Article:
For as long as I can remember, I’ve had a fascination with astronomy – “the study of the sun, moon, stars, planets, comets, gas, galaxies, dust, and other non-Earthly bodies and phenomenon,” as defined by the website Space.com.  How anyone cannot feel a profound sense of wonder when one gazes at the night sky filled with stars and the moon, or consider the incredible power of the sun still so amazingly far away from us, is beyond me.  And to ponder one’s place among all of this, well, that’s a question many of us spend a lifetime considering, whether as part of our religious affiliation or by way of our spiritual perspective and practices.

But wait a minute, you say … why would someone who has Psychology and Sociology degrees and works in Corporate Learning and Development be so enthralled with astronomy?  Well, it’s easy, really … One of the things that calls astronomers to their field is their draw to search for meaning and even order to the universe  we live in, and what may even lie beyond it.  Don’t forget – I’m also a meaning in work/identity researcher, so how we construe meaning in our world, and everything we do, is of profound interest to me.

Beyond that simple connection with meaning, my education also trained me to be a systems thinker, so I am really intrigued with how the parts of anything interrelate to the larger whole and how systems work within larger systems – the interconnectivity of things.  So, in particular the sub-field of astronomy called cosmology is specifically of interest to me, because its focus is on the entire universe from birth (considered by many including myself to be the Big Bang) to its eventual end.  Think of the myriad of systems that connect and intertwine for those events to take place!  Think of the interrelationship of the solar system, the  photosynthesis system, precipitation systems, and the lunar system – and its fantastic influence on ocean tides, to name only a few.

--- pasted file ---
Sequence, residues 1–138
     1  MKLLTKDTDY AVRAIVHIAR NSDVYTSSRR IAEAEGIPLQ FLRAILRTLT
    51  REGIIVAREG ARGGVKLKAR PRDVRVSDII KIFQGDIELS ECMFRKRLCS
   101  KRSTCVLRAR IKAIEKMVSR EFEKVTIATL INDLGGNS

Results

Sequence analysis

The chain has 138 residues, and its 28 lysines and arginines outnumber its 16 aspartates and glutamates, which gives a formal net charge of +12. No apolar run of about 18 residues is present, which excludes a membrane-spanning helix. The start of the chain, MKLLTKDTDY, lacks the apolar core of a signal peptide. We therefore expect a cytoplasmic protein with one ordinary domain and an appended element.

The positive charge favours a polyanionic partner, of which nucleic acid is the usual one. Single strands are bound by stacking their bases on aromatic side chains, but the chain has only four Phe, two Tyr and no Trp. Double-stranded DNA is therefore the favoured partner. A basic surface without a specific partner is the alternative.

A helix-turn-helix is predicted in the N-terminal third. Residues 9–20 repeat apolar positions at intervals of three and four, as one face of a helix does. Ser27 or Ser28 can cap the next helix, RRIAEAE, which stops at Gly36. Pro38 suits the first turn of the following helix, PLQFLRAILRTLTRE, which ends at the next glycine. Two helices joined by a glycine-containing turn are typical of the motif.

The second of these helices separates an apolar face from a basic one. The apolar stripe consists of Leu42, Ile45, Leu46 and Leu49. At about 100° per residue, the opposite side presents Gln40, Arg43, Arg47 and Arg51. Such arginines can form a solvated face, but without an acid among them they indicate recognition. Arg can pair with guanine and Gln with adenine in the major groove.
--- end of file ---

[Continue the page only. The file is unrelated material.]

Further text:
Cosmology also tends to consider the “large-scale properties of the universe and esoteric, invisible and sometimes purely theoretical things like string theory, dark matter and dark energy, and the notion of multiple universes,” as cited by Space.com.  I am hopelessly intrigued with the idea that while our senses and brain are incredible features of our humanity, they nonetheless serve as limitations to our ability to sense or “know” things beyond our current state of evolved development – and this is a hopelessly intriguing, limitless potential learning opportunity for our hopefully not-too-distant futures.  You see the learning and development connection here, yes?

I often finish the day reading to my 5th grade daughter. One of our favorite topics for night-time is astronomy, and she seems as hooked as I am (though her favorite subject in school right now is Math – with Science a close second).  Professionally, I consider my field to be Human Capital, and my aim is to be a catalyst to my clients to help them self-actualize and realize their truest and deepest potential. Astronomy, to me, represents everything about potential – the potential of what we could learn about ourselves, how we’re connected (or not) to other universes, and the very manner in which we interpret the world around us.  If that doesn’t smack of “learning and development,” I simply do not know what does.